Care Staff Debt Collection

It is widely accepted that care home and nursing staff are underpaid for the level of skill and responsibility bestowed upon them. The average hourly rate for carers in 2021 was less than the national living wage, with most surviving on minimum wage. When a temporary worker agency came to Advocate and said they had £51K overdue after supplying carers to a nursing home, thoughts turned to the circa 4,700 hours worked by the team of dedicated and hard grafting individuals. Appreciate some agencies take a sizeable commission on billable hours, but our client is different. Their lean business model is dependent on high volume and low margins to maximise take-home pay.

Over 3 months, our client provided temporary staff to the Manchester-based care home, which boasts a Good CQC rating. Those 70 invoices represent the first, and last time the client will trade with this particular care home. In keeping with their efficient business model, our client had kept immaculate records for contracting the care home, providing staff, and billing. Further provision of staff was suspended in view of the first 2 months invoicing being outstanding and more invoices about to fall due from the final month of trade. Our client had paid the carers but was left carrying £51K when the care home ceased all communication. The only option remaining was to instruct Advocate, which the client gratefully did.

A Good Forgettery

On the first review of the file, it was clear the client had met all their contractual obligations. All timesheets were correctly completed, signed, and submitted. Invoices clearly referenced timesheets. All paperwork was sent by post and email with read receipts obtained for the latter. Less than 24 hours after Advocate commenced action, the debtor was suddenly willing to communicate, having ignored all our client’s chasing. As promptly as the care home asked for copy invoices and timesheets, we were able to provide them. A conversation with the debtor’s Head of Finance (HoF) revealed they had no knowledge of the staff provided or even engaging our client. It seemed the carers who provided thousands of hours of hard work were forgettable despite being there for 3 months. Our client doesn’t supply ghosts, so there must be a reasonable explanation?!?!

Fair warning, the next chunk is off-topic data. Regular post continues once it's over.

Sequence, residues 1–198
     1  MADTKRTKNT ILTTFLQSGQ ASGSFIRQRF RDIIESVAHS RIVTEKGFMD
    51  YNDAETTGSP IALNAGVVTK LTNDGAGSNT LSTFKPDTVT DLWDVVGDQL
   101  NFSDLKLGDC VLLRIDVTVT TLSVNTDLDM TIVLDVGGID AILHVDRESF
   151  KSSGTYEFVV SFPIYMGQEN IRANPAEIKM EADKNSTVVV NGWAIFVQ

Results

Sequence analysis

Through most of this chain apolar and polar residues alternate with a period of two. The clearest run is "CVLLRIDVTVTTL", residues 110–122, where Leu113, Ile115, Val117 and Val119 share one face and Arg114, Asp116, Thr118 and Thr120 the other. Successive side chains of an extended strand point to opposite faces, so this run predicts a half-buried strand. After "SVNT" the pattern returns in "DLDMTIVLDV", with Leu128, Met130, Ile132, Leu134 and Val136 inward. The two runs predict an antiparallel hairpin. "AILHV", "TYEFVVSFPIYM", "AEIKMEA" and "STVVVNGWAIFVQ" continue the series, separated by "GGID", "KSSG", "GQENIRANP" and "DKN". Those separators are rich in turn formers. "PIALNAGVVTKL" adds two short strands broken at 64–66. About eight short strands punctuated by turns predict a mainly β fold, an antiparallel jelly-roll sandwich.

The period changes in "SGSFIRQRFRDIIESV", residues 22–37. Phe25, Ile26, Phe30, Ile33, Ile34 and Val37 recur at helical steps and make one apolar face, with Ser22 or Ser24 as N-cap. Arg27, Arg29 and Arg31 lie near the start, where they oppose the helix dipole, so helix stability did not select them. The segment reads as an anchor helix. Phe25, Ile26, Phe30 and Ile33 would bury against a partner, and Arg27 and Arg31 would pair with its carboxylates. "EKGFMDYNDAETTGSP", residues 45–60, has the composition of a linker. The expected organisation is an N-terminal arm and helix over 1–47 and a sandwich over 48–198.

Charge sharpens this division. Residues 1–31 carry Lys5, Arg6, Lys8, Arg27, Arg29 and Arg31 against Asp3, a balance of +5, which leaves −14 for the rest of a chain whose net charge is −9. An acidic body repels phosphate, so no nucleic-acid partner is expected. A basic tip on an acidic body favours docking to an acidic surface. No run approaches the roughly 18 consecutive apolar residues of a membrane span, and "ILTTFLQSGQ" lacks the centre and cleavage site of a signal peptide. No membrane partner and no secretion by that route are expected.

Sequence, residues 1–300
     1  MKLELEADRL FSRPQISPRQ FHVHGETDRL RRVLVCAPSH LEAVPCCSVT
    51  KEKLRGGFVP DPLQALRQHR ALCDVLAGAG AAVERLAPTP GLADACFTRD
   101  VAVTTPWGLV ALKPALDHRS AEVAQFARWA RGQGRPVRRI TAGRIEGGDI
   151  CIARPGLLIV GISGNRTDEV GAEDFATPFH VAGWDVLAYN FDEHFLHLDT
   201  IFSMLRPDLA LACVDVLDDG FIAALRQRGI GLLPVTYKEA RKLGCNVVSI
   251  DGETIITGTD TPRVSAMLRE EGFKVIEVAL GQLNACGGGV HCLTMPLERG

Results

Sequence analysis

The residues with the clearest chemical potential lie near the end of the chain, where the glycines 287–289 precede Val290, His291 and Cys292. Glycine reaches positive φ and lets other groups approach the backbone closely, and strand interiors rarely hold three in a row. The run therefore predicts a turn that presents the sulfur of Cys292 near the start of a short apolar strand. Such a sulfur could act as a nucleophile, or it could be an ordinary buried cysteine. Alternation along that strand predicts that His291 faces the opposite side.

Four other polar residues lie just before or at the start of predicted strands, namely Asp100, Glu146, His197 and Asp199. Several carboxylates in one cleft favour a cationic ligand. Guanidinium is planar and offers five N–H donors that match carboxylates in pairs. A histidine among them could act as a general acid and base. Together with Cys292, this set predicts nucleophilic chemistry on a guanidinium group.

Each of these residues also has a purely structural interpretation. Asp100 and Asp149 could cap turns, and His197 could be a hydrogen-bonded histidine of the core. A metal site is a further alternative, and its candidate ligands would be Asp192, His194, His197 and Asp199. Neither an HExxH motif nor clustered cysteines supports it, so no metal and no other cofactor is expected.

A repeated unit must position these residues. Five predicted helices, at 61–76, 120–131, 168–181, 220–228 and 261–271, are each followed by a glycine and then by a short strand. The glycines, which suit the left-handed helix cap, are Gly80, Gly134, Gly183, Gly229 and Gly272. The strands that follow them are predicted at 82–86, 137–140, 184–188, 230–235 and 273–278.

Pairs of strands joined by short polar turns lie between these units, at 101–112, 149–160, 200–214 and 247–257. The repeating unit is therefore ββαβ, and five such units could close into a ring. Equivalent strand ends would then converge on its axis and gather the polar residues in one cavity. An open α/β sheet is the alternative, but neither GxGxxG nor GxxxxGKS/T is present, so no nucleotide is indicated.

Debt Busters!

With a copy of the contract in hand, the HoF provided a reasonable explanation stemming from an unreasonable and recently dismissed care home manager. It turns out the manager, already on disciplinary, had disregarded the sign-off levels required to engage a new agency. Head Office had no idea that a new temporary worker agency had seamlessly provided staff for 3 months. The HoF had not been aware the hourly rate was more considerate of inflation than the minimum wage, as they were accustomed to paying. Having found invoices stuffed in random draws, the HoF respectfully conceded and made full payment of the £51K plus statutory late payment charges. The motive for the now disgraced manager’s actions is unknown. We’d hope it was to give a fair wage rather than anything more sketchy!